R75 & KS750 ONLY!
Do you enjoy the military BMW R75 or the Zundapp KS750? Do you need to see more photos of them? Well, you're in the right place! I didn't want to chase the other folks away with too many of these pictures in the main photo section, but now that's it's just "us", let me share a few more photos with you. No /2's, no K bikes, just the GOOD stuff. jl
A good view of a very nice correct sidecar body. The remains of the original tan paint can be seen clearly in this photo. From this view it's very easy to see some of the detail differences between the correct R75 & KS750 sidecar body, and the type found on other military bikes such as the R12, which resemble a Ural. This sidecar was just removed from a KS750.
Ever wonder what the little hole in the spare tire carrier center bolt is for? To slip a lock inside so no one steals your spare! A fully-secured bike would have up to 4 of these locks on the bike: One on the spare, and one on each saddlebag (so they can't be opened). A nice shot of the reprodution tires being made for the R75 & KS750, and available in the USA from Coker Tire.
There were three different companies that supplied sidecar bodies for the R75 & KS750, these were Steib, Stoye, and Royal. The Steib is the easiest one to identify, as their logo is proudly stamped into the side of the nose of the sidecar. If there's no Steib stamp, check inside the sidecar body, on top of the small hump just in front of the passenger seat. A Royal sidecar body will have a serial number stamped into the top of the hump, which will start with an "R". Assuming that you still have an original floor, and you can't find either the Steib logo or the Royal serial number, then you probably have a Stoye body. This might not sound very scientific, but it's the best we have. This is a photo of my 1942 Zundapp KS750 sidecar body while undergoing restoration. Note traces of the old "Panzer gray" paint.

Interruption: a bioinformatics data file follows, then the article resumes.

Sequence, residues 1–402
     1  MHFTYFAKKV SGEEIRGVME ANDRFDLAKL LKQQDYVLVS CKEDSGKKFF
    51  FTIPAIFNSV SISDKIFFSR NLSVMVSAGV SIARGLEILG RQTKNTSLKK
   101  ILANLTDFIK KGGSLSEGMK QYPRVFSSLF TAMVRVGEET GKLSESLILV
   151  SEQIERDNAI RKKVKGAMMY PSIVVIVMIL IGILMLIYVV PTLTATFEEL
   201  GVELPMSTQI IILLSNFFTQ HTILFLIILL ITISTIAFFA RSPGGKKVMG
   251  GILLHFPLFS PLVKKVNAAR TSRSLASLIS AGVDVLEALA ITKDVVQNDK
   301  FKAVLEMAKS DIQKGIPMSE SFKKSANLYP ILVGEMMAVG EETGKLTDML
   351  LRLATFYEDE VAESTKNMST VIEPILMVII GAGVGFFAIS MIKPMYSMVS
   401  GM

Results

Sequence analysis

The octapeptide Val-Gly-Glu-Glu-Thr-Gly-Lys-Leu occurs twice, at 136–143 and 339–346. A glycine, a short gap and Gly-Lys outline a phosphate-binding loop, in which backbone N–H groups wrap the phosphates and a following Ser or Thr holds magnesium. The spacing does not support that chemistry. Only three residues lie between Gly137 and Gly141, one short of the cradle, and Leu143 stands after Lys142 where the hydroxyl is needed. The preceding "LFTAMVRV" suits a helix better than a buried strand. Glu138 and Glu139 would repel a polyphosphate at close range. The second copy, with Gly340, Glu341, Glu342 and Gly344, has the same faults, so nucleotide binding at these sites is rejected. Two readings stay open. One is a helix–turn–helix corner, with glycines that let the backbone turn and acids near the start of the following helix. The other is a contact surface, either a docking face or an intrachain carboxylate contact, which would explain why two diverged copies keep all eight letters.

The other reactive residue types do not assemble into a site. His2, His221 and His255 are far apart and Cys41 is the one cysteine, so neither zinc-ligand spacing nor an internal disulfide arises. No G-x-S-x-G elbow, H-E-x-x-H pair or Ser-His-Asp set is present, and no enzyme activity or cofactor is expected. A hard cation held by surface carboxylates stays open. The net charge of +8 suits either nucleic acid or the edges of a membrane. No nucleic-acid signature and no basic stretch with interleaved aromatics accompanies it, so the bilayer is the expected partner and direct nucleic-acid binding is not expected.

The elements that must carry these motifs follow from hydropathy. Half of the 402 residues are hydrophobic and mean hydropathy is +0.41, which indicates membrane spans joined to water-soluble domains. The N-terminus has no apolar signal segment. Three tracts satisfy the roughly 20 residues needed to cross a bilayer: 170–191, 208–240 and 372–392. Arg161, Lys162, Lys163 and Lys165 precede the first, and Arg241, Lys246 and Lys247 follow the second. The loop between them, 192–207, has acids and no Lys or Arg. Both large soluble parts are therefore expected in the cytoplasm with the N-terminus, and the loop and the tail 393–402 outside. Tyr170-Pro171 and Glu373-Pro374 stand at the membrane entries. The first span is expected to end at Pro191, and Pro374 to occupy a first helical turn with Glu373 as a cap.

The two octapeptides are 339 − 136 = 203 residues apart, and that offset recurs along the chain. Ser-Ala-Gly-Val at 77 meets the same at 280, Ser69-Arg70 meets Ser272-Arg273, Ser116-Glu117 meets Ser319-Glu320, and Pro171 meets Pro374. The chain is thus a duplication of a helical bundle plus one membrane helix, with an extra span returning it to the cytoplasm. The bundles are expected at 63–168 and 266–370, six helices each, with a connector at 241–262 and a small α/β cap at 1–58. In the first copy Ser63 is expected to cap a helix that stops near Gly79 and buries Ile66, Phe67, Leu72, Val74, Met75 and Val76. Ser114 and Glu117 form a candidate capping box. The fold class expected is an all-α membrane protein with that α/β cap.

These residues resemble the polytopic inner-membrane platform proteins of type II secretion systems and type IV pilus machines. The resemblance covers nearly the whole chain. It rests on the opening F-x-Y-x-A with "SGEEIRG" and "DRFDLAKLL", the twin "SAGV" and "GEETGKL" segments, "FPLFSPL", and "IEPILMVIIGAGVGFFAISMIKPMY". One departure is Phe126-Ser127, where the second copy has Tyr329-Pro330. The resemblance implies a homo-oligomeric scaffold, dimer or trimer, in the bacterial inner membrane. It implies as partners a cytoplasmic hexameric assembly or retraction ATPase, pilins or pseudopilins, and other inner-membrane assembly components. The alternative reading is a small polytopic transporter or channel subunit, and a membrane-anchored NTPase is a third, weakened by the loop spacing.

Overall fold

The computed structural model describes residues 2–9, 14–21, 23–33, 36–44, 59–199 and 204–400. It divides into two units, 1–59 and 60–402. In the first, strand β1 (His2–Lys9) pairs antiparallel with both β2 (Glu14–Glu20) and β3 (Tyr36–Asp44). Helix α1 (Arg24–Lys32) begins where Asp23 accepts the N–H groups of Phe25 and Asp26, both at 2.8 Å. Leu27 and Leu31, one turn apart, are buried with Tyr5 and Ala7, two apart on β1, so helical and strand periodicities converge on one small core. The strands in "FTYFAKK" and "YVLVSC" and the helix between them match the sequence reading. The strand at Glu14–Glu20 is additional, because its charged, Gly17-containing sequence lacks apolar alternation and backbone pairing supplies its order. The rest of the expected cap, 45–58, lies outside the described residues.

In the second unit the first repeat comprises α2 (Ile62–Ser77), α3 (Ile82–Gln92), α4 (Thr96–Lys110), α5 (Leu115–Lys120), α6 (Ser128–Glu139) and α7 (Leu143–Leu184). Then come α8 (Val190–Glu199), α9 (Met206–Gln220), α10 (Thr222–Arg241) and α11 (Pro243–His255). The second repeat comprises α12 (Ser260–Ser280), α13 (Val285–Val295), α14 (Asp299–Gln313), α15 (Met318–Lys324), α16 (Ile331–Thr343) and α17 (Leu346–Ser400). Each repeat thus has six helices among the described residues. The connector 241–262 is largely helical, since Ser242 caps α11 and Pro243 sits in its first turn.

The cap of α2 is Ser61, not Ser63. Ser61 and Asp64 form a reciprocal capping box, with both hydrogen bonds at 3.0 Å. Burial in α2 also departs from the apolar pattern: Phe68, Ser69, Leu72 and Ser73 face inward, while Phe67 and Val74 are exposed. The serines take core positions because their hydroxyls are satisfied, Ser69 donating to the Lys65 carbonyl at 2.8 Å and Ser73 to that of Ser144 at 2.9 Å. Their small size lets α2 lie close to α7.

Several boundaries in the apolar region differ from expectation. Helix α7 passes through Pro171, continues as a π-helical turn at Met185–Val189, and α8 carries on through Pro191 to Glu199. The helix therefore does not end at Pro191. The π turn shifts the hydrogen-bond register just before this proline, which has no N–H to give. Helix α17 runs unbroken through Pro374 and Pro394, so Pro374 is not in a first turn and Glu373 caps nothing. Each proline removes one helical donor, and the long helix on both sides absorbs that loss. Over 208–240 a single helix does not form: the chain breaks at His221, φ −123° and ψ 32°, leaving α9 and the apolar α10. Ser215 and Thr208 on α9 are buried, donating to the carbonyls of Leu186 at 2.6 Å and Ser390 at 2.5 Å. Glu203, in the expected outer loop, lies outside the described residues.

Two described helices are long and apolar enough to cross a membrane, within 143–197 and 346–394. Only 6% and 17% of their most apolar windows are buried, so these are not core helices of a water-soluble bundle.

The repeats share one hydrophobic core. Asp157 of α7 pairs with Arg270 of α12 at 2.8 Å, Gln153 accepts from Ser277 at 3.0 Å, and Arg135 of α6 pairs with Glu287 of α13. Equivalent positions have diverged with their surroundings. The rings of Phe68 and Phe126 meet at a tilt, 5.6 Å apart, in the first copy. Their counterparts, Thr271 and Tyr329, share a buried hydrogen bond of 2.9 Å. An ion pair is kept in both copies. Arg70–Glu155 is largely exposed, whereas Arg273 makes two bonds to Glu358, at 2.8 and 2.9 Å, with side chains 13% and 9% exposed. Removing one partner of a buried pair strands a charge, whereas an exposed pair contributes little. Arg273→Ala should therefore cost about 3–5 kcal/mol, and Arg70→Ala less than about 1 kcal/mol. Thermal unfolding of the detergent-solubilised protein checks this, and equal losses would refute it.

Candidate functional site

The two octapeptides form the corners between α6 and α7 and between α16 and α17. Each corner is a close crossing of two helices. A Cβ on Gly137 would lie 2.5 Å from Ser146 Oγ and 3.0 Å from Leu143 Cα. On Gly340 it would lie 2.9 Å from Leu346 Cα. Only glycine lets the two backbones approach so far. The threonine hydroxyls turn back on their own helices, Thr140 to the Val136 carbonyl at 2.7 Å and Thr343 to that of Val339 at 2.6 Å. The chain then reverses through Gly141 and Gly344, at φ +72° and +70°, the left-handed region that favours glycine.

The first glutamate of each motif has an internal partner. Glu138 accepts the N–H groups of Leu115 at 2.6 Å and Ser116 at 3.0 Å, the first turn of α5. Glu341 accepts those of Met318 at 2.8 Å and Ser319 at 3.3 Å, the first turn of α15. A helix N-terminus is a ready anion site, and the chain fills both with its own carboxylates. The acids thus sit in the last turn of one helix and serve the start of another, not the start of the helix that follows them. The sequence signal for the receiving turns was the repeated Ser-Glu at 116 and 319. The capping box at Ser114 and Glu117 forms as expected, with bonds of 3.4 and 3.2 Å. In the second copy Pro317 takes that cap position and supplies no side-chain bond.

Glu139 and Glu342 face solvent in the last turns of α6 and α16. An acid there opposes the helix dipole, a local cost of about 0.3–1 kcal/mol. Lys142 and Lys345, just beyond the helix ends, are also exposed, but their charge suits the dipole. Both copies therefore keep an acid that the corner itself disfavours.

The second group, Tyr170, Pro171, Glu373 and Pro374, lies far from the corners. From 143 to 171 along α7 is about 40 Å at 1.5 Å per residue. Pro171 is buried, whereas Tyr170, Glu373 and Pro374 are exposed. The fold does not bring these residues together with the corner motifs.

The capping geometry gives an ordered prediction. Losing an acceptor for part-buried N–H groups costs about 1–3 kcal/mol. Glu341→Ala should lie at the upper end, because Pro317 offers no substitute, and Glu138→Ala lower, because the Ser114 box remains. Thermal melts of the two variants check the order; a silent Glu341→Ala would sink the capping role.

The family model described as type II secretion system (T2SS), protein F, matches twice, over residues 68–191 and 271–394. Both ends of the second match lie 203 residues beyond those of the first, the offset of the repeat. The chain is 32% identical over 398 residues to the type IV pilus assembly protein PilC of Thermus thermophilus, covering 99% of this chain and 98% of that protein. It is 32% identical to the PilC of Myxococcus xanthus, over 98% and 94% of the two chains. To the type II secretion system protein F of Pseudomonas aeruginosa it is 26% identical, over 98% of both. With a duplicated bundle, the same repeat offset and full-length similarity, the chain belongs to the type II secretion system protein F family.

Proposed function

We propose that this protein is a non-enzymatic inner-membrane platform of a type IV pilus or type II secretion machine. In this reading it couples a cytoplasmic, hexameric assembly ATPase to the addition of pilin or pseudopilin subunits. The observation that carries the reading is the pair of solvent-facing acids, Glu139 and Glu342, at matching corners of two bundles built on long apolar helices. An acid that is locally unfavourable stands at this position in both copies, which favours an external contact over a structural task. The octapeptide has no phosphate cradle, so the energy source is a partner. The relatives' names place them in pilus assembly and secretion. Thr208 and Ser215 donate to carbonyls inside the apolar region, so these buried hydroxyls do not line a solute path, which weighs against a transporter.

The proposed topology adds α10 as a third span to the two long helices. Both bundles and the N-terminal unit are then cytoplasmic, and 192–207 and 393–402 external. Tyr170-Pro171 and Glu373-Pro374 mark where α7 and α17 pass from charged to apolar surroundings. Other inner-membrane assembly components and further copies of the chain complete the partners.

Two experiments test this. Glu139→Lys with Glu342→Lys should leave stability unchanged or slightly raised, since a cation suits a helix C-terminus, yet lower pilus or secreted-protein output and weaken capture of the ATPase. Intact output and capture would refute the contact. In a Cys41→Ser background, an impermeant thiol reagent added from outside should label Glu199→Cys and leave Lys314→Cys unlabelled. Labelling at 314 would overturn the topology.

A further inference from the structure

An original early R75 oil bath air filter. These were mounted on top of the transmission, and used a metal mesh filter in addition to the oil in the bottom to capture dirt that passes through. While typical of 1930's technology, these air filters were quickly overwhelmed when forced to deal with the harsh environments of the Soviet Union and North Africa. The small T bolt screws into the trans case, and is used to hold the filter on to the trans. The filter housing is built-up of sheet metal stampings.
A good days work. I was able to trade a few things around, and ended up with most of an R75 solo machine, plus a spare engine.
Another view of my 1942 KS750. In this photo you can clearly see the MG34 mount on the nose of the sidecar, and also the rarely seen MG34 side rest assembly. The side rest was used to carry the machine gun while not in use.
A 1942 R75 that I found for sale in Italy. Overall a very nice example. To be 100% correct you'd have to get the proper pillion seat, tail light, air tubes, battery box, and then ditch some of the extra chrome. Still, I'd move my truck out of the garage any day of the week to have this one in there.
Typical of the R75s that came out of Spain in the 1960s & early 1970s is this example. Most have the air filter element in the gas tank gutted out, and replaced by an oversize tool box lid. Also, somewhere under the welded on valance is an original 180mm rear fender. The front fender on this machine is from a 1930s Harley. With the excellent reproduction fenders that are available today, this would be a an easy restoration.
A gathering of military bikes in Czechoslovakia in 1991. Seen here are 3 R75s and 3 KS750s, parked in front of a castle gate.
Ah the good old days... circa 1988. Two KS750s with sidecars, and a solo R75 in the background. Life in the garage was good!